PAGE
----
Who doesn’t love a good British sitcom? From the sharp, dry humor of The Office to goofy parodies like The Windsors, there is a particular sort of charm unique to British comedies that really separates it from other forms of entertainment. From the whimsical, to the side-splitting, take a look at seven books that are perfect for fans of British comedies.
If you liked The Vicar of Dibley, read Bless Me, Father.
Bless Me, Father
Like the Emmy Award-winning series The Vicar of Dibley, Bless Me, Father is a spoof on the normally solemn topic of the clergy. The book focuses on Neil Boyd, a newly ordained priest who is assigned to a parish full of rambunctious Irish immigrants. A calm character who rarely loses his composure, Neil is the perfect juxtaposition to the boisterous and colorful ensemble of people he surrounds himself with. Some of these characters are Father Duddleswell, a highly intelligent priest who will go to any lengths to do the Lord’s work, and Mrs. Pring, a clever and cynical housekeeper who is just as bitter as she is sweet. A delightful read, Bless Me, Father was also adapted into a beloved British sitcom.
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If you liked The Hitchhiker's Guide to the Galaxy, read Don't Panic.
From New York Times bestselling author Neil Gaiman comes a deep analysis of one of the greatest British comedies of all time, The Hitchhiker’s Guide to the Galaxy. Originally a radio comedy created by Douglas Adams, The Hitchhiker’s Guide to the Galaxy became an international multi-media phenomenon that was adapted into novels, comic books, and a 1981 television series. In Don’t Panic, Gaiman explains that he was given a tremendous amount of access to details about Adams’ personal life, career drama, and all of the juicy tidbits surrounding the franchise. Written as a biographical satire, this book is both an engrossing and hilarious read that is sure to please fans of everything Hitchhiker.
If you liked All Creatures Great and Small, read At Home in Thrush Green.
At Home in Thrush Green
Fans of All Creatures Great and Small will enjoy this similarly heartwarming installment in Miss Read’s Thrush Green series. In this novel, Charles Henstock reminisces about the rural town of Thrush Green, where his old house is being converted into a retirement home. However, this big change doesn’t come without its share of countryside drama. As the town tries to figure out accommodation issues, as well as who should actually live in the homes, Henstock finds himself wrapped up in one big mess. A perfect example of whimsical, clean British humor, At Home in Thrush Green is the perfect book to get lost in.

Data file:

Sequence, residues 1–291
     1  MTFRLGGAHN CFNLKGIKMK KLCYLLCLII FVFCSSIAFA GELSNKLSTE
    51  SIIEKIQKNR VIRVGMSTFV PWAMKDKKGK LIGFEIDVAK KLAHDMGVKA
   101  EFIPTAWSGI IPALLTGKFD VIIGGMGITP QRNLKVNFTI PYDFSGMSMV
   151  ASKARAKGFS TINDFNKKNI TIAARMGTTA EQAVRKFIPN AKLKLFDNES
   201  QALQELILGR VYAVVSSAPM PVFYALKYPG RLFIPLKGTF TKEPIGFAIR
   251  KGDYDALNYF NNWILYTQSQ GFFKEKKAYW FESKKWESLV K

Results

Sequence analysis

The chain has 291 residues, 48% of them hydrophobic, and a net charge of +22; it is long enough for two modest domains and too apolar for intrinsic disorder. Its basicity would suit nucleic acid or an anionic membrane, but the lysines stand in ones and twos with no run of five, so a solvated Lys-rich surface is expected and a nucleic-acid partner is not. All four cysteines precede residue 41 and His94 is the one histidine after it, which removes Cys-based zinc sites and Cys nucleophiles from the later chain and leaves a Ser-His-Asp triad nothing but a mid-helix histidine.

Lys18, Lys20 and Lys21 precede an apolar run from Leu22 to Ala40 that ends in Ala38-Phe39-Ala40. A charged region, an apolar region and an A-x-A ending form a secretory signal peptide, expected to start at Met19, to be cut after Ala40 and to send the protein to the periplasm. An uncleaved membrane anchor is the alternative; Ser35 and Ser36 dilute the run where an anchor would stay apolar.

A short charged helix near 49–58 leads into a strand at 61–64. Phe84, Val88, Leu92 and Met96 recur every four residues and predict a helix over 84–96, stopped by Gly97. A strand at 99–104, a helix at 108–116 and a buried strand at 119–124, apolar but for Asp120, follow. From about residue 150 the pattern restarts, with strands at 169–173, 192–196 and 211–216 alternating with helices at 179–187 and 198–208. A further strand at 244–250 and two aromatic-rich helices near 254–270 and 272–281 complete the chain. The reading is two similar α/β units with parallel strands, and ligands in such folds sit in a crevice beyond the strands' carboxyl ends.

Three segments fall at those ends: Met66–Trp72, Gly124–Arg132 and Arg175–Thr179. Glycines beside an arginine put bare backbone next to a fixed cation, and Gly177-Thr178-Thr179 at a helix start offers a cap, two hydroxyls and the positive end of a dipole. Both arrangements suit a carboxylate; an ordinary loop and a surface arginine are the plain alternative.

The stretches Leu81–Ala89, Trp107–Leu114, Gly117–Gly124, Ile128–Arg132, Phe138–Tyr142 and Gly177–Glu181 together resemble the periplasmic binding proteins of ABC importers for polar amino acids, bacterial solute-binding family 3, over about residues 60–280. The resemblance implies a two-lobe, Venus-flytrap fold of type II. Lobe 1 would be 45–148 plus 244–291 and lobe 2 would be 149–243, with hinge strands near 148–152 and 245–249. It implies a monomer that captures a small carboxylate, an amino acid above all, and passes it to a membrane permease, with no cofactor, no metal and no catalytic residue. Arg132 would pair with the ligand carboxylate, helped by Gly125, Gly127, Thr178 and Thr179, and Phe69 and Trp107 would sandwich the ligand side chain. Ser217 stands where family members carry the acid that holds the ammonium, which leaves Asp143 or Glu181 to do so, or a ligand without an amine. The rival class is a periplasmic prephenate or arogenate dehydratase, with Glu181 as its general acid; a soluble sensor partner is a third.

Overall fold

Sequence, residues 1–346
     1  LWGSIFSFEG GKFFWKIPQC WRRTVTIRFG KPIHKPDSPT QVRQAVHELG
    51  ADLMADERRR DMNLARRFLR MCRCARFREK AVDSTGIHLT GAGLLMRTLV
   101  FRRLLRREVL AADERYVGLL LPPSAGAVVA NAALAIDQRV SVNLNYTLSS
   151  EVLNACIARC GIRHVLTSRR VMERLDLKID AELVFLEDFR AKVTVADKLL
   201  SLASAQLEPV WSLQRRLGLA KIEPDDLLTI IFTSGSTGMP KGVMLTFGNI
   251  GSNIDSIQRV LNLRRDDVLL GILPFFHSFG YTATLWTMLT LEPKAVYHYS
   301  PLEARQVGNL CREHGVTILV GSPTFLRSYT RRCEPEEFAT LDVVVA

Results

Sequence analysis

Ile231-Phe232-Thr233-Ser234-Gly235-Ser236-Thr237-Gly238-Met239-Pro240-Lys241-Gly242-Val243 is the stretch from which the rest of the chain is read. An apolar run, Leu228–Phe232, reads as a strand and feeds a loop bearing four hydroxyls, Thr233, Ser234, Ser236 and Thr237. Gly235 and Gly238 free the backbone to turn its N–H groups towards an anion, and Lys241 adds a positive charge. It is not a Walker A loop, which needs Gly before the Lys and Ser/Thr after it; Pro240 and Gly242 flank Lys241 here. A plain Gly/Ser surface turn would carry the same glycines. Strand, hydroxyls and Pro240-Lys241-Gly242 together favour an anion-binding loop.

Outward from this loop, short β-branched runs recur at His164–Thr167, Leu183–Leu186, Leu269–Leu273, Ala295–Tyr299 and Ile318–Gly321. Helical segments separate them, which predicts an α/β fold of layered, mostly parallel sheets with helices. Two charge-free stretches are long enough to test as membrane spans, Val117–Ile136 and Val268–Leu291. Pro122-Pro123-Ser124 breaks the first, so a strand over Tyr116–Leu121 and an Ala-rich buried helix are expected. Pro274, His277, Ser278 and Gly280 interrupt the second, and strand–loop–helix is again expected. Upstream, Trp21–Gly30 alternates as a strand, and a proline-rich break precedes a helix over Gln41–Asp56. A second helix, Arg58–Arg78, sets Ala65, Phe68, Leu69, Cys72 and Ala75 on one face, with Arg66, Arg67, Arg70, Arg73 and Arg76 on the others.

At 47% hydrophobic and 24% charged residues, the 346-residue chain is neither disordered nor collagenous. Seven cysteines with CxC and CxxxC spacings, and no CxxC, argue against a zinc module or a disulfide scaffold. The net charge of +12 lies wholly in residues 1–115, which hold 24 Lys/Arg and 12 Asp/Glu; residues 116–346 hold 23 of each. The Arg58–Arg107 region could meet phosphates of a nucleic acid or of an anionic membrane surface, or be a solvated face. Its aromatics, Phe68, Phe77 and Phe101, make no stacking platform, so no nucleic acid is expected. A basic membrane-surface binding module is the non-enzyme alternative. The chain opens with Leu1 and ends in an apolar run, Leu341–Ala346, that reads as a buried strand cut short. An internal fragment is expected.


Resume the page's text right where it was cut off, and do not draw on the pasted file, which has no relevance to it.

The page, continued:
If you liked Jeeves and Wooster, read Fore!
This collection of short stories comes from the beloved British satirist P.G. Wodehouse, whose "Jeeves" stories were adapted into the celebrated Jeeves and Wooster comedy-drama series. As a massive golf enthusiast, Wodehouse enjoyed playing out on the green, putting away all of his problems. This is a collection of his greatest and funniest stories surrounding golf. Fans of the Jeeves and Wooster comedy series and novels are sure to enjoy even more chuckles from this well-crafted collection.
If you liked The Avengers, read The Gun Seller.
The Gun Seller
Is there anything that multifaceted British icon Hugh Laurie can’t do? The actor and comedian is also a talented writer, as evidenced by his thrilling yet hilarious espionage novel The Gun Seller. The story follows Thomas Lang, a hapless ex-soldier who is naively drawn into dangerous situations—from facing off against terrorists to confronting arms dealers and CIA agents. But when his lover gets caught in the crossfire, Thomas might have to make some adjustments to his moral compass. Laurie’s humor and wit shine through in this exciting tale reminiscent of The Avengers, the quirky espionage series that ran from 1961 to 1969 and remains a cult classic among enthusiasts of British comedies.
If you liked 'Allo 'Allo!, read 1000 Years of Annoying the French.
1000 Years of Annoying the French
Ever since the Norman Conquest of 1066, Britain and France haven’t always had the most stable relationship. In this satirical novel, British writer Stephen Clarke digs into the perpetually entertaining tension between Britain and France. From the execution of Joan of Arc at the hands of the British to the origins of champagne and other French goods, Clarke sets the record straight, advocating for Britain in every imaginable situation and embodying the classic humor present in British comedies. In a similar fashion to the long-running sitcom 'Allo 'Allo!, which was set in German-occupied France, 1000 Years of Annoying the French is a spoof on cultural clichés.
If you liked The Windsors, read Still Reigning.
The Windsors is a ludicrous parody of real members of the British royal family, reimagining the lives of the House of Windsor through the lens of a soap opera. If you can’t get enough of this cheeky comedy, consider reading Still Reigning. This book is a collection of the funniest quips by @Queen_UK, the fictional Twitter account of Queen Elizabeth. Featuring witty and irreverent musings by the matriarch, Still Reigning is a hilarious, unputdownable read.
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